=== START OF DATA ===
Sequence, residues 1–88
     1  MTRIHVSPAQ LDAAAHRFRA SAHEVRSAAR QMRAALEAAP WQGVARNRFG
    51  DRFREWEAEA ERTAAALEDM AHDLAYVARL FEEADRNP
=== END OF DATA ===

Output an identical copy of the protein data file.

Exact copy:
Sequence, residues 1–88
     1  MTRIHVSPAQ LDAAAHRFRA SAHEVRSAAR QMRAALEAAP WQGVARNRFG
    51  DRFREWEAEA ERTAAALEDM AHDLAYVARL FEEADRNP